Merchant of Venice - Plot Structure

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Show how the plot of ‘The Merchant of Venice' is apparently fanciful but in reality exactingly structured.
"The Merchant of Venice is a fairy tale. There is no more reality in Shylock's bond and the Lord of Belmont's will than in Jack and the Beanstalk." H. Granville-Barker, in Prefaces to Shakespeare.


This is one way of looking at the play, reading it or enjoying the performance. But it can be a contradiction to our actual feelings about this complex play. ‘The Merchant of Venice' might appear to be a romantic tale without much logic but that would be a superficial interpretation. Portia's father may have raised our concerns in taking away her freedom to choose her beloved; Shylock's bond and those conditions may violate most legal codes; but the way the play moves takes one beyond these doubts and objections.

In ‘The Merchant of Venice' Shakespeare creates an interesting contrast between the mercantile and tumultuous city of Venice and the peaceful and gracious world of Belmont. The striking difference between these two settings helps to capture and maintain our attention. There are differences in the value of systems of the people belonging to the two different cities. The contrast between Venice and Belmont is that one place is where money is made and the other where it is spent. One is characterised by light and sunshine and the other by moonlight and music. Wealth is described in almost sensuous terms like when Salerio says

"…touching but my gentle vessel's side…Enrobe the roaring waters with my silks."
And in an ironic way later love is talked about in commercial terms. Another contrast is presented when the scenes shift from Venice to Belmont. When we hear of Shylock's hatred and his terms of the bond, our anxiety builds. But then the play moves on to Belmont and the mood shifts from a sort of harshness and tension to a world of romance and graciousness. The most striking contrast is between the court room scene in Act IV and the opening scene of Act V which takes place on a starlit, romantic night in Belmont. Venice could also be a sort of "a disguise" for London. Venice is "poised between Christians" on one hand whose acquisitive practices do not match up with their protestations against usury and Jews on the other whose dealings rest on the "double pillars of expediency and Levitical Law" Shylock's attitude to money is contrasted with that of the Christians. He sees gold as that can be put to work to produce more gold, while they see it as an opportunity to increase the pleasures of friendship and society.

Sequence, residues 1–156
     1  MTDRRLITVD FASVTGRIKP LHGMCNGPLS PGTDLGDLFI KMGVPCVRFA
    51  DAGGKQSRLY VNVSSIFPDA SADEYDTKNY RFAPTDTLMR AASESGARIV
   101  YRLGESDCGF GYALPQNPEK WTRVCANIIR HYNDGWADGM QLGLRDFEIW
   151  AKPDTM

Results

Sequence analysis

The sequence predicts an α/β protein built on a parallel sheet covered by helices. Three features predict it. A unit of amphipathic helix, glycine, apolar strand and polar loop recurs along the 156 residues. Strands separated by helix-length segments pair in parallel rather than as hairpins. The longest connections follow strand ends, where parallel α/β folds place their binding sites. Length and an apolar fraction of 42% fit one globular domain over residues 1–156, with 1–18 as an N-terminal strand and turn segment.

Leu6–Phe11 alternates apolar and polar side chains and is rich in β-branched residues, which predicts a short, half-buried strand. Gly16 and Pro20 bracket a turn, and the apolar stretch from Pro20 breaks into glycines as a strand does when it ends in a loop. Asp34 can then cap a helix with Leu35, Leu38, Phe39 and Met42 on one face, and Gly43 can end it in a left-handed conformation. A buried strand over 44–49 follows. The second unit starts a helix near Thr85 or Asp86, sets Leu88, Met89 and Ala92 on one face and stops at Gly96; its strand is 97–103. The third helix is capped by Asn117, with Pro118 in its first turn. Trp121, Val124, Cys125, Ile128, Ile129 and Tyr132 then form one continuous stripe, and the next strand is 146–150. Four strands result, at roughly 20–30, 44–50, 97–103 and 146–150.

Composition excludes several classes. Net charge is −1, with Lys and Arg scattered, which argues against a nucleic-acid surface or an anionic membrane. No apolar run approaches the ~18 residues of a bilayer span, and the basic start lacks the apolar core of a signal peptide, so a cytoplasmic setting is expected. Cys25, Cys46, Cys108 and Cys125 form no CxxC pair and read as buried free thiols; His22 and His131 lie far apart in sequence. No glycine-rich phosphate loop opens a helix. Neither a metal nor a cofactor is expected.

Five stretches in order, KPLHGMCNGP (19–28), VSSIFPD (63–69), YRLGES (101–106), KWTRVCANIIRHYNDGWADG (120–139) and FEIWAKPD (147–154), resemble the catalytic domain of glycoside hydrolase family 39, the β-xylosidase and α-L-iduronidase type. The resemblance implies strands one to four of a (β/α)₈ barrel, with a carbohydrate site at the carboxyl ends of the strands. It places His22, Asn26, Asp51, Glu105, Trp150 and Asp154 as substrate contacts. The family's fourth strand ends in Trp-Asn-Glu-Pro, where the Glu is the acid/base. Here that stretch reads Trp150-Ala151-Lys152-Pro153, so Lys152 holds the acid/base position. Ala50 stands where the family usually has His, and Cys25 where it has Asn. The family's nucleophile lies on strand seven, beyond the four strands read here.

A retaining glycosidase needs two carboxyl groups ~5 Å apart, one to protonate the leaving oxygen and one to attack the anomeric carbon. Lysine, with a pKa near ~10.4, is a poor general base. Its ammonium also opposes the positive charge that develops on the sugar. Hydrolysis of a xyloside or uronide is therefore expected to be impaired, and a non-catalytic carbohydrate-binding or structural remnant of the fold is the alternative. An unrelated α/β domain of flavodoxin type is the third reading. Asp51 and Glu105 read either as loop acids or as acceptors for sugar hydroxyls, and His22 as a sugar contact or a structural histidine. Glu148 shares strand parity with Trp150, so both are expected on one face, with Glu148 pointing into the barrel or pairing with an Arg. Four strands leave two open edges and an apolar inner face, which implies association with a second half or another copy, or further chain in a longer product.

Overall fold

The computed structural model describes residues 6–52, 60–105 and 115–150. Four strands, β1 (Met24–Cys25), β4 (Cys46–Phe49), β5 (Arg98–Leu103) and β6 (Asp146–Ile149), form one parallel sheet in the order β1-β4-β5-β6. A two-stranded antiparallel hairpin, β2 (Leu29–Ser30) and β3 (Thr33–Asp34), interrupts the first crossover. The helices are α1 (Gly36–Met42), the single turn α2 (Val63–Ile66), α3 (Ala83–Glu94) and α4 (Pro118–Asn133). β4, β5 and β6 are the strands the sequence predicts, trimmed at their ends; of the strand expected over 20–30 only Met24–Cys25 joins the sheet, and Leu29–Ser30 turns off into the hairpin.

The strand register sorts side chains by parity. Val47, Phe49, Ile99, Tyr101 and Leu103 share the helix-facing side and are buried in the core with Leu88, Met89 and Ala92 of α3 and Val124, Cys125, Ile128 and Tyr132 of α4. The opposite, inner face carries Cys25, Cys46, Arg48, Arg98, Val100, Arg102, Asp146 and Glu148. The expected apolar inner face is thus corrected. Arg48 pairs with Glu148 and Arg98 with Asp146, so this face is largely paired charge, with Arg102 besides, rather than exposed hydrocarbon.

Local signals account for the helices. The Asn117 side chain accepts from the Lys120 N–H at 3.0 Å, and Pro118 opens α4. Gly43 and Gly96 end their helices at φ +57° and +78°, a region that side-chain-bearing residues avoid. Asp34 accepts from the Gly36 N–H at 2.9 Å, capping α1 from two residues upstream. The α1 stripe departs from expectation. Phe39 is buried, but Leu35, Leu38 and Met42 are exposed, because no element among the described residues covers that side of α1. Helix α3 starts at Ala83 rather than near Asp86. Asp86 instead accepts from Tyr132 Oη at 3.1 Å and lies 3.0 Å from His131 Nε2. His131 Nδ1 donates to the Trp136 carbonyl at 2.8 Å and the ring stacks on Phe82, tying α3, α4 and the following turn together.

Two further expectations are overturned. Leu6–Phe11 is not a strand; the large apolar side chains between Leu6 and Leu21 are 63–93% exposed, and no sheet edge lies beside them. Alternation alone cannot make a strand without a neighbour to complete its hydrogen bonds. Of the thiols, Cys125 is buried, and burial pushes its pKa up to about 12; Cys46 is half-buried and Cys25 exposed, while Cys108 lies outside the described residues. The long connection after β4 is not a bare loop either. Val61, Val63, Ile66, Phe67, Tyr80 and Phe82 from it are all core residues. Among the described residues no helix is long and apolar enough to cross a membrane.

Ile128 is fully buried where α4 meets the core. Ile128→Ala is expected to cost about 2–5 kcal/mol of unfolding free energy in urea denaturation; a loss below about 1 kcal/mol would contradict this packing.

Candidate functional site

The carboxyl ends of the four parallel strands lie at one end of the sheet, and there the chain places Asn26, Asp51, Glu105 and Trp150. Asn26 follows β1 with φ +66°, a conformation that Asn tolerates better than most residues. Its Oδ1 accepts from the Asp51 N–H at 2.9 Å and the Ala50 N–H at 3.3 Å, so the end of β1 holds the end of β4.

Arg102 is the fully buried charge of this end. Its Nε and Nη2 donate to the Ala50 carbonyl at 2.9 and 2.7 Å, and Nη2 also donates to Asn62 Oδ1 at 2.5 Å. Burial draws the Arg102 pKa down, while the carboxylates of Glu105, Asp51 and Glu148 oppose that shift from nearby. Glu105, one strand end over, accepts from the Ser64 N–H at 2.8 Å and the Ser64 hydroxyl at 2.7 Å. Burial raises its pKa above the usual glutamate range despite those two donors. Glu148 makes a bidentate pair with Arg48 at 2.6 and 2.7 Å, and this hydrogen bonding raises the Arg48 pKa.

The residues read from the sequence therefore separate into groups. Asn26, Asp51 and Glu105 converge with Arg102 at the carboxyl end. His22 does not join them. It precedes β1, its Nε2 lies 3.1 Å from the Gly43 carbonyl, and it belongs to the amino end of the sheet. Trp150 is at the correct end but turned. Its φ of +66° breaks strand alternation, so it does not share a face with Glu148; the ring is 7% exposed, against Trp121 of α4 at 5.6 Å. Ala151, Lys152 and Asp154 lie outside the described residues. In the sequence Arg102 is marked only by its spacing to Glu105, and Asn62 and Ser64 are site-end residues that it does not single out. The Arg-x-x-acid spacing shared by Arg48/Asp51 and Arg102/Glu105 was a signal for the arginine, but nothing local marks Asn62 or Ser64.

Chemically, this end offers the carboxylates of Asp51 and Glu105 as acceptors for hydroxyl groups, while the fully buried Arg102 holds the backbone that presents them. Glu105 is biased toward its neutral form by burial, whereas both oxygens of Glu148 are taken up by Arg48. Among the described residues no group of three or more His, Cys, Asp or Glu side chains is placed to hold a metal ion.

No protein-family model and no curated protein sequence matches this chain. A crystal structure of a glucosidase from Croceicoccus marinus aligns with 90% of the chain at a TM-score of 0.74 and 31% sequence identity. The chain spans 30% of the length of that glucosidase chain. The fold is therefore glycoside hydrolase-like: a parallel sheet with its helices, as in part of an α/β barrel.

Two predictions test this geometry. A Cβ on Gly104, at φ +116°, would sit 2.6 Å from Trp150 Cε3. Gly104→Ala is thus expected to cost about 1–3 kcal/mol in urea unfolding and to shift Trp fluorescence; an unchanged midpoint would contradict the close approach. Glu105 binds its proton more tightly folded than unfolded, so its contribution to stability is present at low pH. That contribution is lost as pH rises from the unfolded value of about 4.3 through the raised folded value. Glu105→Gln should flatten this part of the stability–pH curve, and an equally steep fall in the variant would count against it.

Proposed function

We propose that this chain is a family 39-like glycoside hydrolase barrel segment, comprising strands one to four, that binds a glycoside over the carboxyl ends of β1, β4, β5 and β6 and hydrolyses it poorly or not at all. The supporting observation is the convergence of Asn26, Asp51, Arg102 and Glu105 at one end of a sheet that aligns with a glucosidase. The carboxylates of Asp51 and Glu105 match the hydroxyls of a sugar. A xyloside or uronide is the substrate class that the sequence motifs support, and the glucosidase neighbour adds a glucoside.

Shakespeare did not leave the fables as he found them. His most immediate source was ‘The Jew of Malta' and through this he seems to explore the relationship between an alien and a settled society. Barabas and Abigail are compliments to Shylock and Jessica. He borrowed heavily from sources and the Bond and Casket theme have a long lineage. Shylock's "merry-bond" has sources both in fantasy and legal fact. In Easter and Western tales we find a contract to give up a portion of the debtor's living flesh. Also in the Twelve Tables, a codification of Roman Civil Law of the 5th century BC, there is a mention that a defaulting debtor's body could be divided among his creditors. The Flesh Bond theme starts with the sardonic ‘kindness' of Shylock's "merry bond" and in Bassanio's protests. And then in the trial scene Shakespeare deals with the intricacies of Law.

There are many legal implications to this play and most people see it in cultural and textual isolation and fail to link it to the prominent social and economic issues. But as Stephen Cohen points out "the trial's battle lines are drawn not between Capitalism (that is Venice) and feudalism (Belmont), but between the socially and politically independent rising class (represented by Shylock, all the Jews) and the ruling class and its ideological allies (the...
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